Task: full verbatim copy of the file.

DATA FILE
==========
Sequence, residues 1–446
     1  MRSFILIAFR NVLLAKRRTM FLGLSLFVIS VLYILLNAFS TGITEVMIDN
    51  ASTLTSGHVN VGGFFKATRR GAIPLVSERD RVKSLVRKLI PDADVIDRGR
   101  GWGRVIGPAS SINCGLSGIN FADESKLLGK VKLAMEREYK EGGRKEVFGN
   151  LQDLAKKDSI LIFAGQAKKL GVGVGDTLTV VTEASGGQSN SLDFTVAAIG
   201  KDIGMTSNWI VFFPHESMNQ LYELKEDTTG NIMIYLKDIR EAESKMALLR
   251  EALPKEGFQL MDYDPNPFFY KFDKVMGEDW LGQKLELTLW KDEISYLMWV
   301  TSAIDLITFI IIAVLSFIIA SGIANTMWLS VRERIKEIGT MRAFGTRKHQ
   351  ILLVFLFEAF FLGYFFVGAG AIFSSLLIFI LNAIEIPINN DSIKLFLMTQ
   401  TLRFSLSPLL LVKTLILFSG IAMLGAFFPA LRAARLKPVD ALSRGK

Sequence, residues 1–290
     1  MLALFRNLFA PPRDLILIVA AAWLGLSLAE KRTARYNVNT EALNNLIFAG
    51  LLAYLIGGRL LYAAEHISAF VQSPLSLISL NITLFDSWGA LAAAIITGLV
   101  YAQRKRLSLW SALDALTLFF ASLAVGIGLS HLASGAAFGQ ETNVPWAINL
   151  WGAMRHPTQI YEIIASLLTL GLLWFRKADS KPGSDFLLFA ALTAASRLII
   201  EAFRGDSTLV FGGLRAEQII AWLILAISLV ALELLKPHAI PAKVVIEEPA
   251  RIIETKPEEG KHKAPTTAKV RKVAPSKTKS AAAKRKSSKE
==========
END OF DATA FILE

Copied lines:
Sequence, residues 1–446
     1  MRSFILIAFR NVLLAKRRTM FLGLSLFVIS VLYILLNAFS TGITEVMIDN
    51  ASTLTSGHVN VGGFFKATRR GAIPLVSERD RVKSLVRKLI PDADVIDRGR
   101  GWGRVIGPAS SINCGLSGIN FADESKLLGK VKLAMEREYK EGGRKEVFGN
   151  LQDLAKKDSI LIFAGQAKKL GVGVGDTLTV VTEASGGQSN SLDFTVAAIG
   201  KDIGMTSNWI VFFPHESMNQ LYELKEDTTG NIMIYLKDIR EAESKMALLR
   251  EALPKEGFQL MDYDPNPFFY KFDKVMGEDW LGQKLELTLW KDEISYLMWV
   301  TSAIDLITFI IIAVLSFIIA SGIANTMWLS VRERIKEIGT MRAFGTRKHQ
   351  ILLVFLFEAF FLGYFFVGAG AIFSSLLIFI LNAIEIPINN DSIKLFLMTQ
   401  TLRFSLSPLL LVKTLILFSG IAMLGAFFPA LRAARLKPVD ALSRGK

Sequence, residues 1–290
     1  MLALFRNLFA PPRDLILIVA AAWLGLSLAE KRTARYNVNT EALNNLIFAG
    51  LLAYLIGGRL LYAAEHISAF VQSPLSLISL NITLFDSWGA LAAAIITGLV
   101  YAQRKRLSLW SALDALTLFF ASLAVGIGLS HLASGAAFGQ ETNVPWAINL
   151  WGAMRHPTQI YEIIASLLTL GLLWFRKADS KPGSDFLLFA ALTAASRLII
   201  EAFRGDSTLV FGGLRAEQII AWLILAISLV ALELLKPHAI PAKVVIEEPA
   251  RIIETKPEEG KHKAPTTAKV RKVAPSKTKS AAAKRKSSKE